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Submandibular duct

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Title: Submandibular duct  
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Subject: Salivary gland, Submandibular gland, Warthin's tumor, Hyoglossus, Ranula
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Submandibular duct

Submandibular duct
Dissection, showing salivary glands of right side. (Labeled as "submaxillary duct", but is identified as "submandibular duct" in newer sources.)
Mandibular division of trifacial nerve, seen from the middle line. The small figure is an enlarged view of the otic ganglion. ("Wharton's duct" labeled in lower left.)
Details
Latin Ductus submaxillaris
Identifiers
Gray's p.1135
MeSH A03.556.500.760.640
Dorlands
/Elsevier
d_29/12315123
Anatomical terminology

The submandibular duct or Wharton duct[1] or submaxillary duct is one of the salivary excretory ducts. It is about 5 cm. long, and its wall is much thinner than that of the parotid duct. It drains saliva from each bilateral submandibular gland and sublingual gland to the sublingual caruncle at the base of the tongue.[2]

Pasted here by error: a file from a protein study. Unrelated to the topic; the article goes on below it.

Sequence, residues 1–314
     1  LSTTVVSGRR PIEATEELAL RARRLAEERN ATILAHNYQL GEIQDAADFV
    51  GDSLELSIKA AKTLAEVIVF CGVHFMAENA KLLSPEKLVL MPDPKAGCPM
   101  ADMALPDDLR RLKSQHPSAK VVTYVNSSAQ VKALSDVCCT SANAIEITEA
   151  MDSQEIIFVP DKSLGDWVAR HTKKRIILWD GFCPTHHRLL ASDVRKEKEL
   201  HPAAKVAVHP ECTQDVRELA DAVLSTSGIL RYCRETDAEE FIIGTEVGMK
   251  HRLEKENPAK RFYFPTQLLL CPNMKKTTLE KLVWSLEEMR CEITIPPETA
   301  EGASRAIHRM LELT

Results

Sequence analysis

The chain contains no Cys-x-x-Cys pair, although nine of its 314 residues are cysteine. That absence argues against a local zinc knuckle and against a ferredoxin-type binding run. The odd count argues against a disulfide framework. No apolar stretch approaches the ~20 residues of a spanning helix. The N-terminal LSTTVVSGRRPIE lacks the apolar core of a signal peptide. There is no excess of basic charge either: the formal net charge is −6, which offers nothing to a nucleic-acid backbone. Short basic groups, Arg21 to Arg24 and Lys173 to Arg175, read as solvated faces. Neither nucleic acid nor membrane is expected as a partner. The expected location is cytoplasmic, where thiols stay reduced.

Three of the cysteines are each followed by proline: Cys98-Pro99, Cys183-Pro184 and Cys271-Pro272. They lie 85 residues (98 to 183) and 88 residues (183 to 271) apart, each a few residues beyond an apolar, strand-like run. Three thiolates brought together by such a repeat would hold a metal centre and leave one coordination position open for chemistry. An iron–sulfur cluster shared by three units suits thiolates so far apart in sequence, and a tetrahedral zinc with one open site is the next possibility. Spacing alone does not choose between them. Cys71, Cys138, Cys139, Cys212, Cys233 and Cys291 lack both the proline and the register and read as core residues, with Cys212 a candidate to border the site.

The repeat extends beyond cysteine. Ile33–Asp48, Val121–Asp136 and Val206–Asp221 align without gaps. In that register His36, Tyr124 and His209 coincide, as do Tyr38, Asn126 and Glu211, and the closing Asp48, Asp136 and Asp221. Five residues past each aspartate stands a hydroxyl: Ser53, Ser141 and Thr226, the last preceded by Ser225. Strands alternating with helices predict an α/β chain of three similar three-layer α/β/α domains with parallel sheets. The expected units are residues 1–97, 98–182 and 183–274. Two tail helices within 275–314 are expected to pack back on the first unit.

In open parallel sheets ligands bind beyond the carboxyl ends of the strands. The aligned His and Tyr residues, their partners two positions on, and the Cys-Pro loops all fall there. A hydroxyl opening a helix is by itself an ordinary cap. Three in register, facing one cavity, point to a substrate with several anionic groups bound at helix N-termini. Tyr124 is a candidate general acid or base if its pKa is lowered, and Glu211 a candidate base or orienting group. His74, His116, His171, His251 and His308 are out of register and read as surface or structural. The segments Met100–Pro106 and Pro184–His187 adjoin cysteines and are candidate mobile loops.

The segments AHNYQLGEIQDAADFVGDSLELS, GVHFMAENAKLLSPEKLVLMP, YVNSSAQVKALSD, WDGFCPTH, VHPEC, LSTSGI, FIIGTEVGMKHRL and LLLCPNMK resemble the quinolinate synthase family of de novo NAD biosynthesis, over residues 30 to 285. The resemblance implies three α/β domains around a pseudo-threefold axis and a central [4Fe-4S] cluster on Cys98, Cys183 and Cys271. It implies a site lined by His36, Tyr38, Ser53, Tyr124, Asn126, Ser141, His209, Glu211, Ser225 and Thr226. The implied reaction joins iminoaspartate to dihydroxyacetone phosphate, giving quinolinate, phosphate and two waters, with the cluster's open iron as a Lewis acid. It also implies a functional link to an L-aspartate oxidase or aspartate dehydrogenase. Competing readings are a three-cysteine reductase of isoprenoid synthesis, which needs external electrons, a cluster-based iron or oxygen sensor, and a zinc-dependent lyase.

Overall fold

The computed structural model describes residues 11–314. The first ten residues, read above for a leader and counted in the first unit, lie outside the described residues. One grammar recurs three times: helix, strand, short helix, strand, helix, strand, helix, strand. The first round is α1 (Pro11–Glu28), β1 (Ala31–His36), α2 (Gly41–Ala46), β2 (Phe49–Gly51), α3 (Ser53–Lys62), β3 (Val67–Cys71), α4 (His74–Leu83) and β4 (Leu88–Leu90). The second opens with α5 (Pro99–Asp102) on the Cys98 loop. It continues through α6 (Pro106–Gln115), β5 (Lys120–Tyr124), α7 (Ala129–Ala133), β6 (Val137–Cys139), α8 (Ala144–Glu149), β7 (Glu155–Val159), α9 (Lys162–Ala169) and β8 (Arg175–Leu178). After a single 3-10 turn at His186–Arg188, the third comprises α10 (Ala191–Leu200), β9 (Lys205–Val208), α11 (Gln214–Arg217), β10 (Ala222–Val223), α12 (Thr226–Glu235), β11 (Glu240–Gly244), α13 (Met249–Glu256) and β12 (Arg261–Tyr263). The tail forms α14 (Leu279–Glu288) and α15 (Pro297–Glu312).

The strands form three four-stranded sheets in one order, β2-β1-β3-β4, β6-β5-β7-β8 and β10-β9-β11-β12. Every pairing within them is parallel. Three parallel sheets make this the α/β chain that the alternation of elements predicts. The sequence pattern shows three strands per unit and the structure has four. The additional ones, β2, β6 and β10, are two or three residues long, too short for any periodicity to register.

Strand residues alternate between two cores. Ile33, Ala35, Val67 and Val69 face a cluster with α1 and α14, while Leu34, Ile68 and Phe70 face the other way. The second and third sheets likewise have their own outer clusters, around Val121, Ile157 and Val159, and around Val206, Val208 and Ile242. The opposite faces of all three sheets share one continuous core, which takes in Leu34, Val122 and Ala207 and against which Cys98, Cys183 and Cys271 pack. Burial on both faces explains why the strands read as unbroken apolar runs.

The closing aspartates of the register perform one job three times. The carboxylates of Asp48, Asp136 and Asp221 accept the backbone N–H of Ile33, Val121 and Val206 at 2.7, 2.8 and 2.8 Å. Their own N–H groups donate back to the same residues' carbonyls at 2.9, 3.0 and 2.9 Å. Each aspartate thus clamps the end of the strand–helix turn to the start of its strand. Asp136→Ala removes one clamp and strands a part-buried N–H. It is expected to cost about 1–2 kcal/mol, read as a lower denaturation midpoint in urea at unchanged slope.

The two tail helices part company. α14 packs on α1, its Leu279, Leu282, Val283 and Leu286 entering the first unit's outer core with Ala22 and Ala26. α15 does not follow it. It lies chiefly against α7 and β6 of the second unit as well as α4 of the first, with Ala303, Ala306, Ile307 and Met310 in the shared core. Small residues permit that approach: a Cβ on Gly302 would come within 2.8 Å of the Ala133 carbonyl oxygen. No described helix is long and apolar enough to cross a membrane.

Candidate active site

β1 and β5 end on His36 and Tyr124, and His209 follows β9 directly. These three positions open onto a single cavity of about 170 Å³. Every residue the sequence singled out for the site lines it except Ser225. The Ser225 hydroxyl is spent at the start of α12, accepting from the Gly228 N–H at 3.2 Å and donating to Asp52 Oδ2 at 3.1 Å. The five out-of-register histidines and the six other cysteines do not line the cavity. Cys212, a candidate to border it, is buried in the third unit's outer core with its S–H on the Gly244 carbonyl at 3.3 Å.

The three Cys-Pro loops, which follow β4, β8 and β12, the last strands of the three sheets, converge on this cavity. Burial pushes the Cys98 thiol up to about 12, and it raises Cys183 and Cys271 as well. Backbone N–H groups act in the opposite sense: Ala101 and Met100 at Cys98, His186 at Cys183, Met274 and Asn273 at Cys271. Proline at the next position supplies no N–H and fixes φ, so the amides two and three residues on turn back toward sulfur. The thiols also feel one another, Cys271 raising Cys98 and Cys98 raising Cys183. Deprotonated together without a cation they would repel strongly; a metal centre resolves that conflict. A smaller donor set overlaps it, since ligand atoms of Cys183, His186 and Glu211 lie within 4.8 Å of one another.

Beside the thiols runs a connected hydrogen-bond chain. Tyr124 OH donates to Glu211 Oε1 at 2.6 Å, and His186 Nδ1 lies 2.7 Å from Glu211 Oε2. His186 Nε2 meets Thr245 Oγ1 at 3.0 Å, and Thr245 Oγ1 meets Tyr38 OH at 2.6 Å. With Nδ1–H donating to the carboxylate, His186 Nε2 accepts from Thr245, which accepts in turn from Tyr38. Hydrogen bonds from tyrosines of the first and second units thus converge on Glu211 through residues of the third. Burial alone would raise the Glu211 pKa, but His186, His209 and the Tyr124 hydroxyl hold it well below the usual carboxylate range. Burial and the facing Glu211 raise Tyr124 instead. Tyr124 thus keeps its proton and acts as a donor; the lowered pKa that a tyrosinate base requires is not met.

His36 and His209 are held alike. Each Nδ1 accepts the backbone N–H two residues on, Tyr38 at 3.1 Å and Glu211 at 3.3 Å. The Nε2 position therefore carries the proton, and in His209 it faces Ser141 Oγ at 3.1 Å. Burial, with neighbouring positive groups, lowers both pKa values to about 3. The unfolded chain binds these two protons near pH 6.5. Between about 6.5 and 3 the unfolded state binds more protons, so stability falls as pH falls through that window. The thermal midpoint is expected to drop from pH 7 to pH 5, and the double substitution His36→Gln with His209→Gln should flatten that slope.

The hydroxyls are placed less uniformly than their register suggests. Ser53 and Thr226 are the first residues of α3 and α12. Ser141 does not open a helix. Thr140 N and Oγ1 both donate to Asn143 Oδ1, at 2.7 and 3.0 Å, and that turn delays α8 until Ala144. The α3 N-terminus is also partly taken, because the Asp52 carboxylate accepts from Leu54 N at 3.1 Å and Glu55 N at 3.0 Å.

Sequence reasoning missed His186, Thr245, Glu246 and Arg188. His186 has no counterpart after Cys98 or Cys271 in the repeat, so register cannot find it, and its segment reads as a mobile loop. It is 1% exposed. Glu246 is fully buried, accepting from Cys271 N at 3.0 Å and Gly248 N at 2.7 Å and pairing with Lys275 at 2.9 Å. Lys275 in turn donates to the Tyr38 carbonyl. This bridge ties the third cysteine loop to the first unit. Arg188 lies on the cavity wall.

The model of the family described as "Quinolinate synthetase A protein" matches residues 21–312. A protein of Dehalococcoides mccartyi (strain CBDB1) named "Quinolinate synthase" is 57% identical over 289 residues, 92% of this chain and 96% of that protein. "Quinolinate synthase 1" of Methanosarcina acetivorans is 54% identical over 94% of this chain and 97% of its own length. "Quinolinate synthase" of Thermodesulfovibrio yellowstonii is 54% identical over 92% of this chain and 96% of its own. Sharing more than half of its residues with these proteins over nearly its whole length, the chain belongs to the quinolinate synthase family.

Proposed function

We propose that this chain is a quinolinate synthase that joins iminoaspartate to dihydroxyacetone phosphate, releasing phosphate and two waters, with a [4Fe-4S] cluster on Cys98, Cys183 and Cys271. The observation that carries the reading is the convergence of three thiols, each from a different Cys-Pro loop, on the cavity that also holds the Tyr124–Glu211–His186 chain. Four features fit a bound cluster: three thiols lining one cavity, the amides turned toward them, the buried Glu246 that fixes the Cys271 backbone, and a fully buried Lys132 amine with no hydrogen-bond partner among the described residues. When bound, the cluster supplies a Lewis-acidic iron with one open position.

Contents

  • Structure 1
  • Function 2
  • History 3
  • References 4
  • External links 5

Structure

It begins by numerous branches from the deep surface of the gland, and runs forward between the mylohyoideus, hyoglossus, and genioglossus, then between the sublingual gland and the genioglossus, and opens by a narrow orifice on the summit of a small papilla at the side of the frenulum linguæ.

On the hyoglossus it lies between the lingual and hypoglossal nerves, but at the anterior border of the muscle the lingual nerve passes inferior and medial to the submandibular duct; the terminal branches of the lingual nerve ascend on its medial side.

Function

This is the duct from which a hungry person, preparing to take a first bite of food, might accidentally eject a spray of salivary fluid, or, alternatively, intentionally do so in a process called gleeking.

History

It was initially described by the English anatomist Thomas Wharton and is sometimes referred to by his name.[3]

References

This article incorporates text from a public domain edition of Gray's Anatomy.

  1. ^ Wharton's duct at Who Named It?
  2. ^ Ten Cate's Oral Histology, Nanci, Elsevier, 2013, page 255
  3. ^ Wharton T (1656). Adenographia: sive glandularum totius corporis descriptio. London: Wharton. pp. pages 128–137. 

External links

  • Anatomy figure: 34:03-05 at Human Anatomy Online, SUNY Downstate Medical Center
  • MedicalMnemonics.com: 329
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